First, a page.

The Low Carb Luxury Newsletter: 
Volume III / Number 02: January 25, 2002: Page 3
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      Advice Lady         

A well-known low-carber in the community answers your questions about everything from nutrition to family issues, stress, and heck — even your love life. She's been the "go to gal" for awhile now when people need a little advice. And who is she? Well, we're not telling. She remains anonymous so that she can better give very frank advice. She doesn't pull any punches. You can remain anonymous too if you want — Just think "Dear Abby" — you know, signing off like "Harried in the Workplace" or "Desperate for Carbs in Detroit". Send in your question to The Advice Lady at

                                        Dealing With Painful Leg Cramps

Dear Advice Lady,

My husband started the Atkins diet three weeks ago, and lost 9 pounds in that time. He only had about 20 to lose altogether. However, he quit because he said his legs ached. He was taking a multiple vitamin and mineral complex, but it was a battle for me to get him to take it each day. He also didn't drink as much water as he should, but again I'd have to nag to get him to drink more. He says he felt fine on the diet other than that. I can't believe going back to milk, Gatorade, bread, and french fries is better for him, but he says the leg aches are worse than buying larger slacks. I've never had anything like what he describes on the diet, so I can't relate. Any idea what he may be missing, or what he can do?

      Devoted but Frustrated Wife

Dear Devoted —

While this is a rare effect of the diet, it is a well-known one. The reasons it occurs are usually two-fold. First, carbohydrates supply twice the Adenosine Triphosphate (tissue stores of electrolytes in solution) as fatty acids, the other supplier. So increasing fatty acids in the diet — eating more fish, nuts, and flax — is a good start to conquering these cramps.

The other issue is nutritional, vitamin, mineral balance. Many people believe the low carb diet means pretty much just meats and fats, and very few vegetables. In reality, you need those vegetables to get proper nutrition. Either way, making a few changes and additions to your supplement routine should do the trick.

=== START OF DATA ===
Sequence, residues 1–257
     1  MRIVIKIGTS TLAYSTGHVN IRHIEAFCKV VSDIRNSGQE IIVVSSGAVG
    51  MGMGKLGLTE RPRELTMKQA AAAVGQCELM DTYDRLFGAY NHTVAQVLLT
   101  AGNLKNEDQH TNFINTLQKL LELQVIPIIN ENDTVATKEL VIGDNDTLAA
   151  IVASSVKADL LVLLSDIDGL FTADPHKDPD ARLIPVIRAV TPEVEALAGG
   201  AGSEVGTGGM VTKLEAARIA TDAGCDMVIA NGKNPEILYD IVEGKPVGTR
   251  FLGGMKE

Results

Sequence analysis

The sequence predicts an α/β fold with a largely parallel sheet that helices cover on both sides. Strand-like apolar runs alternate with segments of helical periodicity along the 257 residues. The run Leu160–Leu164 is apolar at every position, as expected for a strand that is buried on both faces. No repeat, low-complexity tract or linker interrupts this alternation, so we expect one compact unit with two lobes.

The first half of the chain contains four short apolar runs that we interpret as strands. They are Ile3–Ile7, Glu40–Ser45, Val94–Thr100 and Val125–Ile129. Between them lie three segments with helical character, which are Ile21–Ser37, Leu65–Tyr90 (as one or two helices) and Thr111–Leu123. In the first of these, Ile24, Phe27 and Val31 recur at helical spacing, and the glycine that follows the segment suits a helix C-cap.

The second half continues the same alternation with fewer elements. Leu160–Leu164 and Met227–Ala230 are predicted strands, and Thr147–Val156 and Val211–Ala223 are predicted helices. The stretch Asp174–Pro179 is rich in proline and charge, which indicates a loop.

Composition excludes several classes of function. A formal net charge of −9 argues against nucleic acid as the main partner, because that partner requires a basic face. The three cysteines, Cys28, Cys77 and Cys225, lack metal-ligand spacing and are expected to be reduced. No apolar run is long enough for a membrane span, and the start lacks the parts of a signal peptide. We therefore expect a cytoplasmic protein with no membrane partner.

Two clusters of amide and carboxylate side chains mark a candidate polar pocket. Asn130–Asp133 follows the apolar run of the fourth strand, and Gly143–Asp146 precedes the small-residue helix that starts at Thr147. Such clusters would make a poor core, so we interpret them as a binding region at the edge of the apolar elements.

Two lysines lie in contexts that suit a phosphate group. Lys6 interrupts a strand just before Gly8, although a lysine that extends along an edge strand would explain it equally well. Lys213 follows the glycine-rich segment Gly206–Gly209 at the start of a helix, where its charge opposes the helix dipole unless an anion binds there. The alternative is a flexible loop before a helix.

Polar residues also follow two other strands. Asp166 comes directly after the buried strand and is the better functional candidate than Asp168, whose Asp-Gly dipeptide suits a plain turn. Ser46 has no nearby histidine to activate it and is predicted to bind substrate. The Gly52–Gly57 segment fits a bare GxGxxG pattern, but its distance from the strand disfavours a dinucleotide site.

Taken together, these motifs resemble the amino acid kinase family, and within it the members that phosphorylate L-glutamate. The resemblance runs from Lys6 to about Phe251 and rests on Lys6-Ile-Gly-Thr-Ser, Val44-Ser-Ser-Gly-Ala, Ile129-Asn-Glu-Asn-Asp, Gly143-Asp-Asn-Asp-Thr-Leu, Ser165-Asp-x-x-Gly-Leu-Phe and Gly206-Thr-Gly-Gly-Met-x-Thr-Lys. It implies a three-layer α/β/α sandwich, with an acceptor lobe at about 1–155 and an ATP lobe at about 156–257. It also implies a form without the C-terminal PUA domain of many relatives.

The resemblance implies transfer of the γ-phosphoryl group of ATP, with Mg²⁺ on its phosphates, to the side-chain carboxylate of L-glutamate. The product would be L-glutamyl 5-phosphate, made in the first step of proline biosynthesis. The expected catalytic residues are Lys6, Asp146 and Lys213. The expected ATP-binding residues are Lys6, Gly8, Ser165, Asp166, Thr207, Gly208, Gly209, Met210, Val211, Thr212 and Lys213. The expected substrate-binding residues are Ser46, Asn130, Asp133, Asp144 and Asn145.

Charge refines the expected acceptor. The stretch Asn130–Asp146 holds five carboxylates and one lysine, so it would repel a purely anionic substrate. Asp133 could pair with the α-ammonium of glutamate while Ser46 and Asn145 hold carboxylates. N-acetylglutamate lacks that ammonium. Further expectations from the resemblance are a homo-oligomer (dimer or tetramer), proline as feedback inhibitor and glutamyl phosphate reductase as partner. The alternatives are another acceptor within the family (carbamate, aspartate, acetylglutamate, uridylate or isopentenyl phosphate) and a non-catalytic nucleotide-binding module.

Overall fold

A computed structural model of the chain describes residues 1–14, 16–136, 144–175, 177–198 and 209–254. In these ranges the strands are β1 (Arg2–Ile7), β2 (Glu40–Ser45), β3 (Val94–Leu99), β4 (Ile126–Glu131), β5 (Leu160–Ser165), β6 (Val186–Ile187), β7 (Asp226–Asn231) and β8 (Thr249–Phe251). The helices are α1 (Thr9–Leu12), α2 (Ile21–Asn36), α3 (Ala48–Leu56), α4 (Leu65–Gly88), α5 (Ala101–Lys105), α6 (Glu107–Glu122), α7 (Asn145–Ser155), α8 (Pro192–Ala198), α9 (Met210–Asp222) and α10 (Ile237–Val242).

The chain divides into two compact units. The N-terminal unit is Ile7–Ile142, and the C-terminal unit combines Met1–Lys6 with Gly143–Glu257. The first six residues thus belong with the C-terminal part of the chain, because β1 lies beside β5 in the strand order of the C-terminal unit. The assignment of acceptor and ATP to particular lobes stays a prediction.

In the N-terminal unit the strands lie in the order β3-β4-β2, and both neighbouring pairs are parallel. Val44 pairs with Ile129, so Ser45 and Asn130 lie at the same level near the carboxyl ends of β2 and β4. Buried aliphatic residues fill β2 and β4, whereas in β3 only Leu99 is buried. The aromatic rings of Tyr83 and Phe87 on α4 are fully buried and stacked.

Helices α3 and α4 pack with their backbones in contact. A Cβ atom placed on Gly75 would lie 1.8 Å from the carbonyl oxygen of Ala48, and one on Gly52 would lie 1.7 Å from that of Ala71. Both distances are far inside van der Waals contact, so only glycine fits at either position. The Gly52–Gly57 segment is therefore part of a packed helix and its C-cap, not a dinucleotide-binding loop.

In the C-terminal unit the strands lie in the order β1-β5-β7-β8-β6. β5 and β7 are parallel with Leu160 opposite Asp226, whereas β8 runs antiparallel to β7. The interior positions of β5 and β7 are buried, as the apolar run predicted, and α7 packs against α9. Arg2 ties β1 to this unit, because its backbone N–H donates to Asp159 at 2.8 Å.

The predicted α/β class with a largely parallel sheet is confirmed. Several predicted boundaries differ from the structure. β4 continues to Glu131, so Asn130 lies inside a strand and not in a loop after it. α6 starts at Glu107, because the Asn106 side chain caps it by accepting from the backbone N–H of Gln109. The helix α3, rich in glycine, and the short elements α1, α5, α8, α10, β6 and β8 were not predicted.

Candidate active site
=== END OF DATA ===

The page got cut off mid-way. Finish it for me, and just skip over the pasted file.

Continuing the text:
When your husband started his low-carb regime, it's likely his dietary protein levels rose. When protein makes up more than 30 percent of your daily calories, potassium levels may fall far short of the needed 3,500 milligrams each day. If you're eating lots of vegetables, salads, etc, it's likely you’ll get enough potassium on your own, but if not, cramps — especially leg cramps — might result.

Cramps are more prevalent when you first start low carbing. After a few months, they normally disappear on their own. To make them go away sooner, you can take one 99-milligram tablet of potassium a day.

But there are other supplements also known to stay leg cramps and are surely worth adding to your husband's diet. Many doctors recommend magnesium for the prevention of leg cramps, and I have heard of many low carbers who swear this was their salvation from painful cramps. The RDA for magnesium is 350 mg/day. Average intake in the USA is between 143 and 266 mg/day. 500-1000 mg/day would be good for most low carb dieters.

You might want to start with a dose of 250 milligrams of magnesium glycinate or chelated magnesium twice a day. These amino acid-based mineral supplements are easier to absorb than magnesium oxide. The more you absorb, the less likely it is that you’ll have diarrhea, a common problem with magnesium supplements.

To help relieve cramps that interrupt your sleep, take your second dose of magnesium right before you go to bed. If you don’t get relief in three to five days, increase the dose to 500 milligrams twice a day.

Two other supplements may also be of value:

A special form of niacin (vitamin B3) called inositol hexanicotinate is known to help treat chronic calf cramping. Start with 500 mg 3 times a day and work up to 1 g 3 times a day after 2 weeks.

Pyridoxine, vitamin B6, is also known to reduce leg cramps in many people. B6 is necessary for the synthesis & breakdown of amino acids, the building blocks of protein, as well as aiding in the metabolism of fat. It reduces muscle spasms, leg cramps, and hand numbness and helps maintain a proper balance of sodium & phosphorous in the body.

So, to recap, my suggestion would be to add the following to his diet each day:
  • Increase Essential Fatty Acids:
    The Omega 3's [alpha-linolenic acid] and 6's [linoleic acid].
  • Take one 99-milligram tablet of potassium (don't take more!)
  • Take 250-350 milligrams of magnesium glycinate or chelated magnesium twice a day.
  • Consider supplementing with B-Vitamin complex.
If you are not already doing so, I'd recommend you be taking at least the following each day:
  • A good multi-vitamin (without iron)
  • CoEnzyme Q-10 (75-150 mg a day)
  • Acetyl L Carnitine (500 mg a day)
Lastly, since fluid electrolyte balance is critical, I suggest making sure your husband drinks plenty of water each day (at least 50-60 oz each day — and other fluids don't count.)

Why go back to gaining weight, feeling lousy and endangering your health with Gatorade, bread, and french fries, when muscle cramps are a simple matter to "fix"?

                                                                             The Advice Lady

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          Low Carb Connoisseur – we put the Dash in Low–!

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